Remember when you first setup your Facebook and you liked those one hundred plus pages? It would be a good idea to go and remove most of those, they often times come off as unprofessional and immature. It may also be beneficial to think about going through your friends list and removing all of those acquaintances that you never truly talked to anyway.

  • Showcase You

Don’t forget to look at your profile picture. This is a person’s first impression on social media; be careful to not have a default image, an image that is not actually a picture of you, or anything inappropriate. All of these choices can come off as lazy and/or unprofessional. Avoid blurry, distasteful, or group images. Your profile picture should clearly depict you so an employer can recognize you.

  • Set Privacies

Privacy preferences differ from person to person, but are still a topic to discuss. If you hide your profile, be ready to accept the friend request of your future employer as they will still want to view your page. One privacy setting that most people don’t know about is the option to review tags before they are posted to your profile page. This is a great tool to ensure that your social media stays clean, and no surprises pop up one day.

  • Keep it Updated

It may seem trivial to mention, but having a current and constant flow of information on a social media platform shows work ethic and self awareness. Employers like to be able to look at social profiles and see that you keep tabs on the information that is being circulated. What they don’t like is coming across a Facebook page that has not been updated since eighth grade, it comes off as detached, almost as bad as not having a profile at all.

  • Interact Locally

This tip is a little above and beyond, but pays off in the end. Try to follow people who are in the field you are looking into joining. Twitter is a great place to interact with people and companies, and hear back from them. Also think about posting articles related to your field; an employer will then be able to see your dedication and interest in their field, which can help you stand out among other applicants.

 
 

Turn to Google

 
When Googling your name, you may run into some issues. Even with a less common name, there are guaranteed to be other people with your name popping up in search results. What matters most is what ends up shown on the first page of results.

  • Use your first and last name.
  • You can even try your middle name as well.
  • Use parenthesis around your name to ensure that what shows up is actually what you searched for.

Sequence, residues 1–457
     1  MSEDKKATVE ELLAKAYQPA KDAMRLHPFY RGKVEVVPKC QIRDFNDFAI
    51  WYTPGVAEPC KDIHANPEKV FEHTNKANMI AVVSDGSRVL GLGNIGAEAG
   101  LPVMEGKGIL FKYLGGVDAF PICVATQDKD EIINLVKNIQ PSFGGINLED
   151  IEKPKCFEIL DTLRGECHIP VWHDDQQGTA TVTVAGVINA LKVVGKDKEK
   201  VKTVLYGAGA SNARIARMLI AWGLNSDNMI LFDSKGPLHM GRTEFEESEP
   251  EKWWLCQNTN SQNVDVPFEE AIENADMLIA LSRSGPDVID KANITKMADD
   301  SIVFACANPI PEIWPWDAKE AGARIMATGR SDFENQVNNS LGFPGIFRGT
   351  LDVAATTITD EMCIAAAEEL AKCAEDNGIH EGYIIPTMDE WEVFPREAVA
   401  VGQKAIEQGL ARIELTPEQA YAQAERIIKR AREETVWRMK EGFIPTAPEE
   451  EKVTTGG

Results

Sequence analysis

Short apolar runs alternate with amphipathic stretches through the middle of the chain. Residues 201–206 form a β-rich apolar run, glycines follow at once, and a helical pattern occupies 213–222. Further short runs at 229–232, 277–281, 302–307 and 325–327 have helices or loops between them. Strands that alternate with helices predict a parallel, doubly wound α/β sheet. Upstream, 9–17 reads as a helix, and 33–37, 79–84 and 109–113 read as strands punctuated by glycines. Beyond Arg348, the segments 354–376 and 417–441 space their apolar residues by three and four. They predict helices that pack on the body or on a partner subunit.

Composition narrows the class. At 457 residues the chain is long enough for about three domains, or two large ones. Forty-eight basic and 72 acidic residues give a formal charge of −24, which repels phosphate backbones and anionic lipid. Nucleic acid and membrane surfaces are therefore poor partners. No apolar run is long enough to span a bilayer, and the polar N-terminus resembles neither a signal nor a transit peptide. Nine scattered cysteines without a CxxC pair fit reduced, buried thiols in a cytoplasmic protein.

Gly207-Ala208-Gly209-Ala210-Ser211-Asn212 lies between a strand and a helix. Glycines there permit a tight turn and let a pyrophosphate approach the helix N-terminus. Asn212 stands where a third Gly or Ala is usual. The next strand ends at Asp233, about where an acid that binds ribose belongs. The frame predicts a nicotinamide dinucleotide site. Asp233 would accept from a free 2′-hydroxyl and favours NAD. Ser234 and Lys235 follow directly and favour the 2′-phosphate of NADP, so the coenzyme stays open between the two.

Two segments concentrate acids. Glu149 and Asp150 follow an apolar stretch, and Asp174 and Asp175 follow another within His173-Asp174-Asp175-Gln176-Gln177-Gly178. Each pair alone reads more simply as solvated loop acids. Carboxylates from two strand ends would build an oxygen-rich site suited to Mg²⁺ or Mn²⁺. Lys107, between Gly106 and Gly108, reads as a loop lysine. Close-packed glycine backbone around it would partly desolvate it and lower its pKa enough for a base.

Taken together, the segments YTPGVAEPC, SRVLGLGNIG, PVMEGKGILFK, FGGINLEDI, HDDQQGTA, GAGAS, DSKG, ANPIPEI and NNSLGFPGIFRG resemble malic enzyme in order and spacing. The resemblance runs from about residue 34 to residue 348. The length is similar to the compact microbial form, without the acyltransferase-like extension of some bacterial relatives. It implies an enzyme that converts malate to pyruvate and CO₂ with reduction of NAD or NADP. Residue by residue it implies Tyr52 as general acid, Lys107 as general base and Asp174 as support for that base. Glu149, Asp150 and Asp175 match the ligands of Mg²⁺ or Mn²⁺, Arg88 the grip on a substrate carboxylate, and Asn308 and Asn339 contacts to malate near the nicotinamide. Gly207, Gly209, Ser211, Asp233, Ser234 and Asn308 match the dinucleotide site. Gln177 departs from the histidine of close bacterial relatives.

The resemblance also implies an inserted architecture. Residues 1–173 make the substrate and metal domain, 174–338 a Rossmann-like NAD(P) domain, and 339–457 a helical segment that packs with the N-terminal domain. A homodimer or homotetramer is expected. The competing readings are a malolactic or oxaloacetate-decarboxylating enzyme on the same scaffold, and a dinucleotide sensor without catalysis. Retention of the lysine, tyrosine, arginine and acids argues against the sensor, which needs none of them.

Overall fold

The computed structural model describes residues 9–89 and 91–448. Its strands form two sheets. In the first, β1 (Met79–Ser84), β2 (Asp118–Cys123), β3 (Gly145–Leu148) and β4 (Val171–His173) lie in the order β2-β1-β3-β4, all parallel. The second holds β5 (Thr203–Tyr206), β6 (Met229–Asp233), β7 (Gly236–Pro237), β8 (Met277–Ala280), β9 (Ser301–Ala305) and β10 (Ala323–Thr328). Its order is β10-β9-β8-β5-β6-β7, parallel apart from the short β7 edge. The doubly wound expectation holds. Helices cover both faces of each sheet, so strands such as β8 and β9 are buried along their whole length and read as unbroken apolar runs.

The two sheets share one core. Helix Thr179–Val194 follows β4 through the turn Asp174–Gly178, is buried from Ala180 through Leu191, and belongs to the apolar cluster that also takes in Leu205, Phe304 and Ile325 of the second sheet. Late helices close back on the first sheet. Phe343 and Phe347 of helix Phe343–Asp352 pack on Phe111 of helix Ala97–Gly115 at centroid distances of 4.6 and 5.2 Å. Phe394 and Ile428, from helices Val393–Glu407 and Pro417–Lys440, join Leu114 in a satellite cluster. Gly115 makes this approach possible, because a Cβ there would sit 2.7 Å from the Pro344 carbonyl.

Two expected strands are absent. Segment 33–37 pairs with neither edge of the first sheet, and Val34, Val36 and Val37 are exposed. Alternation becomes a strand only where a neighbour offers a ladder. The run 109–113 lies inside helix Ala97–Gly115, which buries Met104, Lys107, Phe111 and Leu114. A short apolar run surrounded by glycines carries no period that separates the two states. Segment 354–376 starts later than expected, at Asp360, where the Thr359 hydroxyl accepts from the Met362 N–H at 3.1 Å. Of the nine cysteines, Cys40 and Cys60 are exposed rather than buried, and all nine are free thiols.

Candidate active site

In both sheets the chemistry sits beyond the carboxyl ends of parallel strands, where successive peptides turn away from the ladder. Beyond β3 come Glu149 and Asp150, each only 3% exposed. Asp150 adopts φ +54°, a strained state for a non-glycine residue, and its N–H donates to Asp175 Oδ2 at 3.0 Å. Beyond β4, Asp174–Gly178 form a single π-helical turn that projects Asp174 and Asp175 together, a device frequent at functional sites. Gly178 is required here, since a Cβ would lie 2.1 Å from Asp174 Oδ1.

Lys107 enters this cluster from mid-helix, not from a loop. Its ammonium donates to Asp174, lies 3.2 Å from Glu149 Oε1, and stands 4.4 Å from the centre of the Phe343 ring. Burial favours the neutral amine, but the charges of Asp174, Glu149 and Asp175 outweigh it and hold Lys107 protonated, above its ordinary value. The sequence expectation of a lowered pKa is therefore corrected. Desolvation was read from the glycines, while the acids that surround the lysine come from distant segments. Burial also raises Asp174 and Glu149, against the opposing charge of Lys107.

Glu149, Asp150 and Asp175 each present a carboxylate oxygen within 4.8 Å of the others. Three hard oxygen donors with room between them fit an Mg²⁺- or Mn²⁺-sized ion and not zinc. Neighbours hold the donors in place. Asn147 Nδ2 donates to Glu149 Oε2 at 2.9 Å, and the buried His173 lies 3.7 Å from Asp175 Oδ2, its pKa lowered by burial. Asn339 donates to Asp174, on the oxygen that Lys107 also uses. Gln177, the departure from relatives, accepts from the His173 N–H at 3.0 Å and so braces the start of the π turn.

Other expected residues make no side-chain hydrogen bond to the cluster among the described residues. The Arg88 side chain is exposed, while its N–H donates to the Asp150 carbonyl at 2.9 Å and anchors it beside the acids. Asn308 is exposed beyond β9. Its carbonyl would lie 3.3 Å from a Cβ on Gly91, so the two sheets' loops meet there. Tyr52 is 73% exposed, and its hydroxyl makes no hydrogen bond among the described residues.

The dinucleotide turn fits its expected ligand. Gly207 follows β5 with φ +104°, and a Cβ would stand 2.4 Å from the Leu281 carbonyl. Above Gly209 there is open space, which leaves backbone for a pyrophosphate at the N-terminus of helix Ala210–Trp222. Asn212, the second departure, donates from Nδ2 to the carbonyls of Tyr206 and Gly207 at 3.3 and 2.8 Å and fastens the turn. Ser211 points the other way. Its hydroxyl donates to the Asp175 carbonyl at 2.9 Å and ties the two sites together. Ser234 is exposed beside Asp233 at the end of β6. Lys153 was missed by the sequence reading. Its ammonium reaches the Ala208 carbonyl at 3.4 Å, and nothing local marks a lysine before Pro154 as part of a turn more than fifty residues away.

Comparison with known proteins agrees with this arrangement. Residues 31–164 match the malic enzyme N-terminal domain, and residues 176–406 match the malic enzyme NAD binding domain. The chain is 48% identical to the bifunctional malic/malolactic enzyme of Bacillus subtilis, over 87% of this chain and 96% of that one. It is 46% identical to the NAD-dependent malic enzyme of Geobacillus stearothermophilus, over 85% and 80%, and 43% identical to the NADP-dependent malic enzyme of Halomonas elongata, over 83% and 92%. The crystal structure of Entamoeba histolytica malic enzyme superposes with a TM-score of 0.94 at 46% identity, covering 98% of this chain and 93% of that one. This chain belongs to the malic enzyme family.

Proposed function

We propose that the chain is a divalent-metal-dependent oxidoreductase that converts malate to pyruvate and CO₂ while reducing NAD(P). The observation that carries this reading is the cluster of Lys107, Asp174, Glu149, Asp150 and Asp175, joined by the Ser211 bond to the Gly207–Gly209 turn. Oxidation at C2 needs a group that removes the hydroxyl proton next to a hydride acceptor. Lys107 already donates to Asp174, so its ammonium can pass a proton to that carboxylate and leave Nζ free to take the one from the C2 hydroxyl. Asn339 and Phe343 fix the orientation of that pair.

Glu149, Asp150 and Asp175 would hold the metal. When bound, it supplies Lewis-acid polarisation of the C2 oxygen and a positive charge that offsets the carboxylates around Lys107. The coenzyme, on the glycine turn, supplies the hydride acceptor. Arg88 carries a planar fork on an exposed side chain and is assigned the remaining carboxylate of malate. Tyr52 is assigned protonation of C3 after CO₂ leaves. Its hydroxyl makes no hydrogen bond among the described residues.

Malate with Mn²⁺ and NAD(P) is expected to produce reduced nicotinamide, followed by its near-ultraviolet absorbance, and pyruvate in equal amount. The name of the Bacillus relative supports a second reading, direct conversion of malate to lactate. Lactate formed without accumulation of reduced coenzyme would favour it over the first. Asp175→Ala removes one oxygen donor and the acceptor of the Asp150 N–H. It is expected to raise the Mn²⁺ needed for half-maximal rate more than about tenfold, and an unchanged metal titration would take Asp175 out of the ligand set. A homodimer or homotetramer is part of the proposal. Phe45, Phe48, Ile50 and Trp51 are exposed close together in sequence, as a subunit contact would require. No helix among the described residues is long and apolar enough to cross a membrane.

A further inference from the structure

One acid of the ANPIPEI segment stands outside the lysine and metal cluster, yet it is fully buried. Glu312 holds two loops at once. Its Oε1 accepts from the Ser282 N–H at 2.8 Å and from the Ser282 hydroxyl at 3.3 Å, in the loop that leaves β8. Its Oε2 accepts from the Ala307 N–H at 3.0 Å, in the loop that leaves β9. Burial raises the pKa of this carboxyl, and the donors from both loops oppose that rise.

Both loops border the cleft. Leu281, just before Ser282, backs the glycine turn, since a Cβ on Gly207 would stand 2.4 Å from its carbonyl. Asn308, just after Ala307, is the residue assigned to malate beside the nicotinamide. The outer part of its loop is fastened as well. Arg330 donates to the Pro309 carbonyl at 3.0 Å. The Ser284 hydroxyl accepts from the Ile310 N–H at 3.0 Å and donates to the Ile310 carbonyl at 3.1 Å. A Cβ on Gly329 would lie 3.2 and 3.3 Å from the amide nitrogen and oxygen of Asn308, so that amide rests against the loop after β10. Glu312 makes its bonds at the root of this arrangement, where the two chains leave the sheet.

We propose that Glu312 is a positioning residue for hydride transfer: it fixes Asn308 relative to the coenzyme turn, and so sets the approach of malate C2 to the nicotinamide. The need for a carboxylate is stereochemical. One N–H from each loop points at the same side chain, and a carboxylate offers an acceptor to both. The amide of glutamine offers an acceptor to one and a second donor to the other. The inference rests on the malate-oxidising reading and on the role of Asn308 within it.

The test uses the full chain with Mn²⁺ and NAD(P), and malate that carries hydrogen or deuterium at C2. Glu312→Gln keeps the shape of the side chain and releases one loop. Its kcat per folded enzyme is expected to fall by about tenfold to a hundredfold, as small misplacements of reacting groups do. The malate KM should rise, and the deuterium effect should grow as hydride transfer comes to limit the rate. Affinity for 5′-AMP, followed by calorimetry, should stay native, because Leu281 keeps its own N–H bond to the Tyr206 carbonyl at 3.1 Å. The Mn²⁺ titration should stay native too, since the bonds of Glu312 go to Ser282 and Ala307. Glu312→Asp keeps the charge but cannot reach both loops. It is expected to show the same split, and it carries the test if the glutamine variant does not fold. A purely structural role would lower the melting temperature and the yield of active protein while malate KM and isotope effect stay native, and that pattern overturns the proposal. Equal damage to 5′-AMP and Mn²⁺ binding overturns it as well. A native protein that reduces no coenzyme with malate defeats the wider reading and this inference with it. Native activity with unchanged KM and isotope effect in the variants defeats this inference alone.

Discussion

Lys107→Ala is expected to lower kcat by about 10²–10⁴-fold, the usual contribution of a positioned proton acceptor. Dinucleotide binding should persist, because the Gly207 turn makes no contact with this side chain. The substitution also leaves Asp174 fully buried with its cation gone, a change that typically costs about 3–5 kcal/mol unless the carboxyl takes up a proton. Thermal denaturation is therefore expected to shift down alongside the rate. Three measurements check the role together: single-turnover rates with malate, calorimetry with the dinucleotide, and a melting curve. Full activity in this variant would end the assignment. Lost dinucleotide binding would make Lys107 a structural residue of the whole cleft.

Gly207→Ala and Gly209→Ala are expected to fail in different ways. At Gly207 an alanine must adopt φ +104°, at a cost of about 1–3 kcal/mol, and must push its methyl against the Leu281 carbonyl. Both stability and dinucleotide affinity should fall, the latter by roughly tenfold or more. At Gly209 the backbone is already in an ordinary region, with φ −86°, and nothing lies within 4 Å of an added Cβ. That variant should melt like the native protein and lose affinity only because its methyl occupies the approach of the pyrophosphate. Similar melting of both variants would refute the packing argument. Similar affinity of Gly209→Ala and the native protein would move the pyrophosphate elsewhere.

• Now try looking up your name along with your birthplace and/or current city.
  • Another common thing for employers to type into a search engine is your email, so check that search too.

 

 

So What is Okay to Post?

 
Now that your pages have been cleansed, let’s talk about the dos and don’ts of posting. In most cases it is pretty black and white as to whether a post should actually be put on the internet.

You Should:

  • Share posts and articles that have to do with the company.
  • Connect with others.
  • Post pictures with friends and family members.
You Shouldn’t:

  • Like photos that may be seen as inappropriate.
  • Insult past employers or companies.
  • Post about drugs, drinking, or partying.

 
 

Don’t Forget About These!

 
While most employers will only check your main profiles (Facebook, Twitter, and Linkedin) it is still a good idea to go through your other accounts and make sure they are up to par with the rest of your platforms.

  • Instagram, Flickr, and VSCO: Solely for pictures, make sure that what you post and what you like is all appropriate and matches the image created on other accounts.
  • Pinterest: Be sure that what you pin doesn’t contain, or link to, anything offensive. Also make a note to check the captions on the photos pinned, sometimes the previous pinner has written their own comments instead of a description.
  • Tumblr: Proceed with caution when following certain accounts; they may post about content that you didn’t initially realize.
  • Youtube: With this video sharing site, remember to also check what others can see; can the public see your playlists, liked videos, and even history?

 

 

If You Have a Problem

 
Say an employer brings up something questionable they came across while looking into your online presence. Don’t stress. Remain calm and take a deep breath. Do not deny what happened, instead explain what took place in the photo, or the circumstances surrounding the heated post. Obviously, don’t disclose dirty details that blame others for what happened. It is important in these moments to put a positive spin on the post in question. Look at what happened and find a way to showcase your strengths.

 

 

Continue On

 
Being aware of your reputation through media shouldn’t end as soon as you land a job; it should be a lifelong process. It is a good practice to get in the habit of, but you also never know who might look at your profile. The average American goes through about ten jobs before they turn forty. That being said, future employers may come across your profile before you have a chance to clean up the content, so keep yourself one step ahead, always.